Keeping Kids Healthy Advice
Head injuries are quite common in young children. About 3,000-4,000 children die following a head injury each year. These numbers include head injuries that are suffered during automobile accidents, but the most common cause of head injuries in children under 10 years of age are caused by falls.
Head injuries are classified into two categories – External (scalp) and internal (which involve the skull, blood vessels within the skull, or the brain). Fortunately, most head injuries child suffers are less serious, external injuries.
There are many blood vessels within a person’s scalp and even a minor cut to the scalp may bleed excessively. A swollen spot, or “goose egg” that may appear on the scalp after your child bumps their head, is the result of fluid or blood leaking from the vessels in the scalp. It may take from a few days to weeks to disappear.
Watch your child carefully for the next 24 hours.
If the external head injury occurs near naptime or bedtime and your child falls asleep, check every few hours for differences in their breathing pattern or twitching of their limbs.
If your child’s breathing is normal and you do not observe or sense anything else out of the ordinary, let your child sleep. If their breathing is abnormal, or if anything about your child’s appearance bothers you, try sitting your child up and partially waking them. If your child does not attempt to lie back down and is unresponsive, try fully awakening him or her. If your child does not wake up, call 911.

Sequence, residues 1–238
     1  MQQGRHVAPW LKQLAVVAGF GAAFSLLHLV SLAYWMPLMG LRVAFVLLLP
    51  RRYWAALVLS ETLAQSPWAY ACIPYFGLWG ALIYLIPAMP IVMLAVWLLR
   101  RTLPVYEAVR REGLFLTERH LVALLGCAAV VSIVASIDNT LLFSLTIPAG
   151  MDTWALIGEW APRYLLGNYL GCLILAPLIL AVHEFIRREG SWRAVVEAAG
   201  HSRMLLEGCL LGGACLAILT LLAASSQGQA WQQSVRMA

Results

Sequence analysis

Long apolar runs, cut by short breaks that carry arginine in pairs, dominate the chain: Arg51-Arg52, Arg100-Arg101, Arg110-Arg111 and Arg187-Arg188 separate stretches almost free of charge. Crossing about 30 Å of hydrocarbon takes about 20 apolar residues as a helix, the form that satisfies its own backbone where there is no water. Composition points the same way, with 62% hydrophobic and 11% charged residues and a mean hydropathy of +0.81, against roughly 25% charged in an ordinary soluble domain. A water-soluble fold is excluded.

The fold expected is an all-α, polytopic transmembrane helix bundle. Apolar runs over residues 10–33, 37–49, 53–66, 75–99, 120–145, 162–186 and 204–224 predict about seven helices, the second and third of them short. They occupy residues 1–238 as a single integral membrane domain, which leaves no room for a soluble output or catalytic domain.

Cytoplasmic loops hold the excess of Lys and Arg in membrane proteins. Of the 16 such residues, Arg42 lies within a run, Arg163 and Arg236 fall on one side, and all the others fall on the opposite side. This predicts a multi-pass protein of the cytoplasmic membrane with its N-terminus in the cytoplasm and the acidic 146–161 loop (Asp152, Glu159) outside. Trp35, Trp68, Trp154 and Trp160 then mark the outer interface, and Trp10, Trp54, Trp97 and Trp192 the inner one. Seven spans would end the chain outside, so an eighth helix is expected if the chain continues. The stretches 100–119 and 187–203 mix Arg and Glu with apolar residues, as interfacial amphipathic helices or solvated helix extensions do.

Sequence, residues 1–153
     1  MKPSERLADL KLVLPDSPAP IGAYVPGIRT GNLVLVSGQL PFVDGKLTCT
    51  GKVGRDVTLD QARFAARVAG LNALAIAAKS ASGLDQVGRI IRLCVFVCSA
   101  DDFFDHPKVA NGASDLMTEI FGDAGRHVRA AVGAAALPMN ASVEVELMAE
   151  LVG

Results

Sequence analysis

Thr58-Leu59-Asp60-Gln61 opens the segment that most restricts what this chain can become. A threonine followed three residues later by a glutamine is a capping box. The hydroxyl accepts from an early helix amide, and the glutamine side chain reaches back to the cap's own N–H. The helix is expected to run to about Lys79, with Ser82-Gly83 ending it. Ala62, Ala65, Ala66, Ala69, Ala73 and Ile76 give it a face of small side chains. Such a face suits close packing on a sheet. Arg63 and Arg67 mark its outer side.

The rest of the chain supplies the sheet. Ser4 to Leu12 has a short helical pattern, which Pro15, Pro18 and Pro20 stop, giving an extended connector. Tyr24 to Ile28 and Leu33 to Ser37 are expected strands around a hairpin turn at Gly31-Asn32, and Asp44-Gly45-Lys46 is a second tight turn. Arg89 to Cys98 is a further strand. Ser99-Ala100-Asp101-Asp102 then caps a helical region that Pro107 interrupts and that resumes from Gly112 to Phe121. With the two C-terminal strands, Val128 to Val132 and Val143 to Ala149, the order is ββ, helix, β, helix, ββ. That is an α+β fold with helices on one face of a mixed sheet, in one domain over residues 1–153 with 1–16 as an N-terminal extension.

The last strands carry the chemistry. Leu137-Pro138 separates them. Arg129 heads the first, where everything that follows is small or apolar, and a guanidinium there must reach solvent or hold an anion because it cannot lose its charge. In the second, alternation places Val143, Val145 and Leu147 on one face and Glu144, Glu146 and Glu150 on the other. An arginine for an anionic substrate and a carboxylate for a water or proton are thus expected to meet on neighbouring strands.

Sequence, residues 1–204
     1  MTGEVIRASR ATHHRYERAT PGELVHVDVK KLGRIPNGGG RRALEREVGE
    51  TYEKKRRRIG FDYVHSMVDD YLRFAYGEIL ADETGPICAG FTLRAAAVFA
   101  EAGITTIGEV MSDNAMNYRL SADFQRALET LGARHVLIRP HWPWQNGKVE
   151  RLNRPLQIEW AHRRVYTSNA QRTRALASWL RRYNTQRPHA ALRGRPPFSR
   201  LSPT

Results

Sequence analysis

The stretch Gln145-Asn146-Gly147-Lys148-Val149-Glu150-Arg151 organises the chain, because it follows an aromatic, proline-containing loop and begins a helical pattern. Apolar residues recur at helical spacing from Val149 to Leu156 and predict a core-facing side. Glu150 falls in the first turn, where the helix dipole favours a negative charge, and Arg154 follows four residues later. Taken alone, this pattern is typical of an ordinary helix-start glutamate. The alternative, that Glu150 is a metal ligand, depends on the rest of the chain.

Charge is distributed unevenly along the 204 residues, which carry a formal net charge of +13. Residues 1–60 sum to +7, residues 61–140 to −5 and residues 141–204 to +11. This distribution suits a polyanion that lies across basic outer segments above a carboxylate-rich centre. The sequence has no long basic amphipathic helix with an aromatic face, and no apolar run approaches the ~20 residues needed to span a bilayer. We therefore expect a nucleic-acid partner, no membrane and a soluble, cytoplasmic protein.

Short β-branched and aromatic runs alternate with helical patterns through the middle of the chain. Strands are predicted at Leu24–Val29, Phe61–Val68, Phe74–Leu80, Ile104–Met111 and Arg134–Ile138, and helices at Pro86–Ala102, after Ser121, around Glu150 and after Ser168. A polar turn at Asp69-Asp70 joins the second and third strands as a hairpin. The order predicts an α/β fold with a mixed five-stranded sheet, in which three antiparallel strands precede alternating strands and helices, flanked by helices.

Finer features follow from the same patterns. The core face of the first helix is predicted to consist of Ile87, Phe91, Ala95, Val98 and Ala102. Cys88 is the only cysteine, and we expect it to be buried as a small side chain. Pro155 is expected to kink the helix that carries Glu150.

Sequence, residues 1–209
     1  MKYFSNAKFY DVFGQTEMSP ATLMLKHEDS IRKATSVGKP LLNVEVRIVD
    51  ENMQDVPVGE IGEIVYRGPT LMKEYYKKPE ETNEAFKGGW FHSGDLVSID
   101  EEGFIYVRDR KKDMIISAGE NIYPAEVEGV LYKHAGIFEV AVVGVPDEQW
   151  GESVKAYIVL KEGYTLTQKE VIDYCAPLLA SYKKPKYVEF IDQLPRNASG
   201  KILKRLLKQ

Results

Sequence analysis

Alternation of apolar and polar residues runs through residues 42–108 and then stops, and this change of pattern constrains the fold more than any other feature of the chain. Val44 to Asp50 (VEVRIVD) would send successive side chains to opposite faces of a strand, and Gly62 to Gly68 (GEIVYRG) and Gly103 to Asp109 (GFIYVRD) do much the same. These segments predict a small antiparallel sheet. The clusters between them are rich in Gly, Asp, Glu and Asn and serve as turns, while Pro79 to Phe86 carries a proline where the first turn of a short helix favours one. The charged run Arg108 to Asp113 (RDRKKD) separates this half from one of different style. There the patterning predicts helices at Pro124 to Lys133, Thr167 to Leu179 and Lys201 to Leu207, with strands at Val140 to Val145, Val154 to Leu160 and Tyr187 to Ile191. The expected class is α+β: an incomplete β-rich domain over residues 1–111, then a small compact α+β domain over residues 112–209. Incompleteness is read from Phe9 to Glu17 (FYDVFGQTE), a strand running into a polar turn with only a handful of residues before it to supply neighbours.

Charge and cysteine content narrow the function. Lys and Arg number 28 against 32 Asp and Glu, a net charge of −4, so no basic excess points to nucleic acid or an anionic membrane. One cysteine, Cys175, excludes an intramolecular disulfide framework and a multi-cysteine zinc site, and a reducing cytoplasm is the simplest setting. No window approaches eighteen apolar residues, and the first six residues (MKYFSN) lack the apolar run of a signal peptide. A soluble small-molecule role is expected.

A severe blow to the head may cause a fractured skull, torn blood vessels or damage to the brain, which are internal head injuries. An internal head injury can be serious and possibly life-threatening.
Your child may have an internal injury if he or she is unconscious, has abnormal breathing, has an obvious serious wound to the head, is bleeding from the nose, ear or mouth, has a disturbance in speech or vision, has pupils of unequal size, is weak or cannot move, is dizzy, has neck pain, has a seizure, is vomiting, or has a loss of bladder or bowel control.
If you suspect that your child has an internal head injury, immediately call an ambulance. If your child is unconscious, dazed or if there is any paralysis, do not move your child because there may also be a spinal injury.
If your child vomits, roll him or her to the side, but keep the head and neck from moving. If your child has a seizure, keep his or her airway clear.
If your child is conscious try to keep him or her calm and still.
Do not attempt to clean, apply pressure or remove any object if there is an open head wound. This may make the bleeding worse and cause serious complications to a fractured skull.
Call your child’s doctor if your infant hits their head or an older child hits their head and loses consciousness even if you suspect that they only have an external injury.